Edie: I’m a total beginner to VR -I’ve watched it grow in popularity from the background, never quite believing the hype. The high price of entry doesn’t help, either. And I don’t think I will ever be convinced to kit my home out with VR, but visiting Zero Latency for this demo has definitely won me over to the idea of dedicated VR spaces. This was the first time I’d visited the place and I wasn’t sure what to expect.
If you’ve ever been to a laser tag venue, you’ll be somewhat familiar with the experience Sol Raiders provides – just add an extra kilo of technology strapped to your back. Strangly enough, that feeling of being covered in tech actually works for Sol Raiders, since you’re playing as robots! The visuals were very impressive, and it took a while to get used to the disconnect between what I was seeing and what was really around me. After that though, it was easy to forget everything else and start shooting up a storm.
“It can be awkward telling Susan, who you only just met before the match, to move because she is blocking the way out of the spawn point—I speak from experience.”
Cameron: So here I come as the old hat at Zero Latency. I’ve been a massive fan of their work since they first opened and have visited often, I’m even part of their Alpha/Beta testing community. However up until this point it has obviously only been cooperative endeavours working with your team so I was excited to see what the team would do to adapt the games I already knew.
I’ve also recently adopted VR at home which has been fun but there is something uniquely enjoyable about the freedom to move around this space without fear of stepping on my cat. The thing that stood out in contrast straight away for me is the fact that there are more people on the field and the way the levels are built means that you spend a little more time navigating around your team mates as you rush to the action. Funnily though it seems that the levels have been designed so that while on the screen your opponent is in front of you they are physically actually a few meters away to avoid enemy collision.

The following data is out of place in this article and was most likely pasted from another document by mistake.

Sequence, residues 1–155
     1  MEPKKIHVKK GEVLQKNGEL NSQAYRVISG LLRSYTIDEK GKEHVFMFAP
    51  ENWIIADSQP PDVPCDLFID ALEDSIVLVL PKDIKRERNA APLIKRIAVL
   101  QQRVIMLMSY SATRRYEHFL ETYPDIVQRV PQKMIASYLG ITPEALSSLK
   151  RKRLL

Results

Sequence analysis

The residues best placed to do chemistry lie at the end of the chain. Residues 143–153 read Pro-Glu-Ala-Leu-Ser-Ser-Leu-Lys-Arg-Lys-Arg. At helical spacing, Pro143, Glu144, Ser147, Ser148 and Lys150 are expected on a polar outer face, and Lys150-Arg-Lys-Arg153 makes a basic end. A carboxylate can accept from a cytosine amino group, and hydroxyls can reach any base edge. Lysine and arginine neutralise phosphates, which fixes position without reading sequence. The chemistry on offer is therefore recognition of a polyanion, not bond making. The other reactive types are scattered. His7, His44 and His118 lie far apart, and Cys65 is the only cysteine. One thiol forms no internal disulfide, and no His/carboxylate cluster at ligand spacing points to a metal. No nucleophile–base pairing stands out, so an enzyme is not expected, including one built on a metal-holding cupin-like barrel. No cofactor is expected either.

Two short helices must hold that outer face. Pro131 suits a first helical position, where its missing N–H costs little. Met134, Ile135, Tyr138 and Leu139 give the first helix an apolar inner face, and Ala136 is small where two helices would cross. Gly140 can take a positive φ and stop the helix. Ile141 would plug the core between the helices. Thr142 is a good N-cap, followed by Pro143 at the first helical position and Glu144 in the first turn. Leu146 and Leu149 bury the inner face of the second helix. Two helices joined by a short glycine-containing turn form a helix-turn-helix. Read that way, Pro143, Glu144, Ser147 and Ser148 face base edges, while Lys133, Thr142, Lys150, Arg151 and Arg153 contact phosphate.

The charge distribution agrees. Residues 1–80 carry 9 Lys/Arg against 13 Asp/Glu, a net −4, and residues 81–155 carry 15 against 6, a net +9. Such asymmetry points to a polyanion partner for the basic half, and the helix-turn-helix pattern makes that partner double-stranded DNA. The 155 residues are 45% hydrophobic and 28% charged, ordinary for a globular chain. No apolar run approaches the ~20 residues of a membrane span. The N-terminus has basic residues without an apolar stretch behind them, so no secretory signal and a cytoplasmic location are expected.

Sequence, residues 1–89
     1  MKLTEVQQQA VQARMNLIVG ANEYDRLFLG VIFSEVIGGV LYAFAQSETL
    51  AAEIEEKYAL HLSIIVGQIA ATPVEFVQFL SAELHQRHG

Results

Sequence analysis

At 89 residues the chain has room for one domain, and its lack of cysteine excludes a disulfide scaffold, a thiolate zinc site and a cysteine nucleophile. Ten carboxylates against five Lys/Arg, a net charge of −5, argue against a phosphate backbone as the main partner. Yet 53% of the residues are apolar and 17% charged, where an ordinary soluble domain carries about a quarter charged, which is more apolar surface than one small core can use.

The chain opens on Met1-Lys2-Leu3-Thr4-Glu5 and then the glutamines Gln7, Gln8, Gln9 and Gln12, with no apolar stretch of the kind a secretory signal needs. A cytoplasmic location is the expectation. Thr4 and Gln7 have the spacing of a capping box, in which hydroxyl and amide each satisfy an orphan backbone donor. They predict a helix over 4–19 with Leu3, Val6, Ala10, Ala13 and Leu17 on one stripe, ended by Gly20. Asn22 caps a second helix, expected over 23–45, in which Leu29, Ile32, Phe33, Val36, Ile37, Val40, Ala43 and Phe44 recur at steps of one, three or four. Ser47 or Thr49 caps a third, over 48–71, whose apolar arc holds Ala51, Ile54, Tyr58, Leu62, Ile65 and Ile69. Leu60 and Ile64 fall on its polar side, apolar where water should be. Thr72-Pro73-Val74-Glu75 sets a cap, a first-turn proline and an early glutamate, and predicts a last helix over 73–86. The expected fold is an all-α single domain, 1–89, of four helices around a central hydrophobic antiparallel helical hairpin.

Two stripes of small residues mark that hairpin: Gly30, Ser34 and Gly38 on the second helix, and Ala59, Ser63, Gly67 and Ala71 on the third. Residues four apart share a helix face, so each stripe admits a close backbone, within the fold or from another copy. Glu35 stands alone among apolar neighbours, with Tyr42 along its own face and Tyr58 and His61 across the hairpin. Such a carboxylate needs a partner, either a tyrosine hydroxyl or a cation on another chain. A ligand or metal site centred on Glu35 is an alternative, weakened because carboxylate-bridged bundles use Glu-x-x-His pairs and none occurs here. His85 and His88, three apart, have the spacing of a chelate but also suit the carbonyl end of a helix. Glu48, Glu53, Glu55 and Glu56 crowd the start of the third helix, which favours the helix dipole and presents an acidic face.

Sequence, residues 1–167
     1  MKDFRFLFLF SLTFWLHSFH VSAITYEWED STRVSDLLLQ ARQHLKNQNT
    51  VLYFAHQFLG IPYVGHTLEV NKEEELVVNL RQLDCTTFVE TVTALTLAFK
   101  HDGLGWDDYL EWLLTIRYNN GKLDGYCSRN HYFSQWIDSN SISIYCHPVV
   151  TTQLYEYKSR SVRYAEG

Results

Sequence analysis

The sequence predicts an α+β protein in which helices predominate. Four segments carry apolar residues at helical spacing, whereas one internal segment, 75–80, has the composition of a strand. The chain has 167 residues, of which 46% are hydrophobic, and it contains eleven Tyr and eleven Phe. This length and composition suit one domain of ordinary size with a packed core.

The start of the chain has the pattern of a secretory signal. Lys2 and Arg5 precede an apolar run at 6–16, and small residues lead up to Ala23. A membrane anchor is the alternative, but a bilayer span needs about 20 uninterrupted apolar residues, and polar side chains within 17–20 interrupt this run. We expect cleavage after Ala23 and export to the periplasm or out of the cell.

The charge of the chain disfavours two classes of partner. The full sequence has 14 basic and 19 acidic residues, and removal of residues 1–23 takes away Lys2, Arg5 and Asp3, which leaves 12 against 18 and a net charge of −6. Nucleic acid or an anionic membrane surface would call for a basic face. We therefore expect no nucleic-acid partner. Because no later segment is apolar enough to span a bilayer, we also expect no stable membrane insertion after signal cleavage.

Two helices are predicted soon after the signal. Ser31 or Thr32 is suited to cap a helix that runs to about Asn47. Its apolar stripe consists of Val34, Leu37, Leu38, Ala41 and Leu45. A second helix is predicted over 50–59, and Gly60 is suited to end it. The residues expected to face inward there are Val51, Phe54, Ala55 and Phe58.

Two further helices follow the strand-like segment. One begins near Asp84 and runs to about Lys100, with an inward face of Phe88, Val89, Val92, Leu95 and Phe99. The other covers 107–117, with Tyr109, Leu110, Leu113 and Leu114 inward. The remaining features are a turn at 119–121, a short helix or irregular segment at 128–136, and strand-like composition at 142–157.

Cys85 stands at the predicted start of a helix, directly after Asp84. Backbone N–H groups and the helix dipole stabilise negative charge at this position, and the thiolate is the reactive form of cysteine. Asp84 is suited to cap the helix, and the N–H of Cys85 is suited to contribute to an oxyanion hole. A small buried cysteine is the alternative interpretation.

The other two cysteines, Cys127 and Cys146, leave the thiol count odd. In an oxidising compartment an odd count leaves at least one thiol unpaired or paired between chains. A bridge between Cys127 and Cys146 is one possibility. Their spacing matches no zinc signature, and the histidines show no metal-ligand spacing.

Thankfully the levels are developed in a simplified way, most likely to avoid an overwhelming experience or an overbearing learning curve. To its credit as well levels are focused on objectives, this means that while kills help the end result they aren’t the only focus and teamwork is key. This is why I would highly recommend playing with someone you know, even just on your team. It can be awkward telling Susan, who you only just met before the match, to move because she is blocking the way out of the spawn point—I speak from experience.
At the end of the day are you going to pop down to play Sol Raiders every night? No, but the game is not intended to be played like that. This is a chance to experience VR in a way that you won’t be able to at home, and even better with a bunch of mates. Just like they took their initial idea with their first game and branched into lots of different experiences I hope Sol Raiders is a jumping off point for further experimentation in the field of VR experiences.
Sol Raiders is available to book tickets now at its Melbourne and Brisbane locations here in Australia, it will also be available at most international locations but it’s worth contacting your local Zero Latency to double check availability. You’ll be able to play multiple sessions of Sol Raiders or pair one session with another of the shorter games they offer such as Engineerium, Singularity or Zombie Survival.
You can check out their offical website to check availability or book tickets. Be sure to tune in to Checkpoint on Joy 94.9 on the 23rd of February as we’re joined by the Zero Latency team to discuss Sol Raiders, the leaps they’ve taken in the world of VR and what the future holds for VR as a whole. So be sure to tune in and send through any questions you might have about Virtual Reality.